Best Practices for Integrating Game-Based Learning into Online Teaching
Department of Digital Media
Department of English
University of Central Florida
Orlando, FL 32826 USA
This article presents ten guidelines for the effective use of video games in online teaching environments for post-secondary instructors. These guidelines include: taking advantage of existing resources, asking students to be producers instead of just consumers, avoiding being overly prescriptive, being aware of non-media-intense and non-electronic games, staying focused on learning—not technology, orienting and debriefing students as to the value of gaming activities, embracing interdisciplinarity, taking advantage of serious games, considering collaborative technologies and virtual worlds, and playtesting. Recent research in game-based learning is considered to help guide these best practices and numerous ideas for incorporating games into the virtual classroom are provided. Although empirical research about the effectiveness of online video games as educational tools is an important component for sustainability and for improving online learning games, this paper focuses exclusively on the theoretical and applied issues associated with online game-based learning. The authors contend that such teaching practices are useful for engaging with student audiences and encouraging them to take intellectual risks in comfortable and familiar territory.
Keywords: video games, engagement, play, game theory, teaching, pedagogy, applied research, game-based technology, guidelines, best practices
Background and Literature Review
Video games are an important part of the modern economic landscape. In 2007, video game sales accounted for $9.5 billion in revenue, were played by 65 percent of Americans, and were noted to be a positive part of children’s lives by 63 percent of parents (Entertainment Software Association, 2008). Many college students today grow up with video games and have had these entertainment vehicles available for most of their lives. Video games are also played by various (and sometimes unexpected) demographics. The ESA additionally notes that the average game player is 35 years old and has played video games for 13 years, 40 percent of gamers are women, and 26 percent of Americans over the age of 50 played games in 2008. With such impact and diversity of audience, the question must be asked: why are we not teaching more with video games and video game technologies? Certainly, other popular non-print media such as film, television, and the Internet are in widespread use in various capacities. While these media are best known for entertainment, they have long since found legitimate academic footholds as curricular tools.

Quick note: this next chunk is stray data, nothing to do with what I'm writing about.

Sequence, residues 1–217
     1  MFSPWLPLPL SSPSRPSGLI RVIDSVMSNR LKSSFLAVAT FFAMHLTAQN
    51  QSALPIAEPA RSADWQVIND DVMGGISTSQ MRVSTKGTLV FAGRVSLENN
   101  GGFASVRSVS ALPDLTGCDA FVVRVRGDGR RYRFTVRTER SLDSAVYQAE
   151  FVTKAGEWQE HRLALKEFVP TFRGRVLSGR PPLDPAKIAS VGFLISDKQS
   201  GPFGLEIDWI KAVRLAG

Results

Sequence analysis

The idea of using games to teach has become more popular in recent years. In teaching and learning scholarship, gaming and online learning are sometimes discussed, but usually from within the context of other interactive technologies. For instance, Alexander (2008) writes about games as online learning objects, but also discusses emerging Web 2.0 technologies. Facer et al. (2004) discuss games and learning, but from the context of mobile devices. Charsky & Mims (2008) discuss games and education, but do not focus exclusively on online teaching. Articles such as these are important for showing how games can be used and applied to a variety of different pedagogical applications but, at the same time, they do not give online game-based technologies the focused attention that is necessary for a comprehensive understanding of the medium as it applies to teaching and learning.
Important questions here relate to practices of integrating gameplay and pedagogy. These practices include tasks such as building lessons around moments of gameplay, understanding how decision points can represent learning moments for students in appropriately selected games, choosing an appropriate degree of graphical or scientific fidelity, anticipating negative or positive learning opportunities, reacting to and addressing misconceptions about games, building community in virtual worlds, and establishing one’s own best practices for a particular course. Many of these ideas need to be considered from one’s own disciplinary framework, but are there some general theoretical considerations that apply to most, if not all, games-based learning applications? Such perspectives are informed through a broader review of the literature.
Fortunately, more general texts that focus on gaming and learning (though not necessarily online learning) are readily available. Gee’s (2003) well-known book on gaming and literacy provides a list of learning principles useful for designing course modules as well as a theoretical base for thinking about games as cultural and critical vehicles. He explains how different types of games and game genres are examples of what he calls semiotic domains. Semiotic domains are discourse communities with particular ideologies, rules, and procedures; video games are semiotic domains that are familiar to many college students and that provide them with opportunities to experiment and learn in ways unique to virtual environments. Gee uses the idea of semiotic domains to explain how different discourse communities use specialized vocabularies, conventions, and techniques for communication and expression. For example, common vocabulary words in gaming parlance include terms such as “noob” (a new player) and “pwned” (to be beaten soundly by another player), words understood by many gamers that have little meaning outside the semiotic domain of video games. Similarly, certain behaviors that do not make sense in the real world are given additional meaning or significance when performed by an avatar inside a game and interpreted by other gamers inside that discourse community.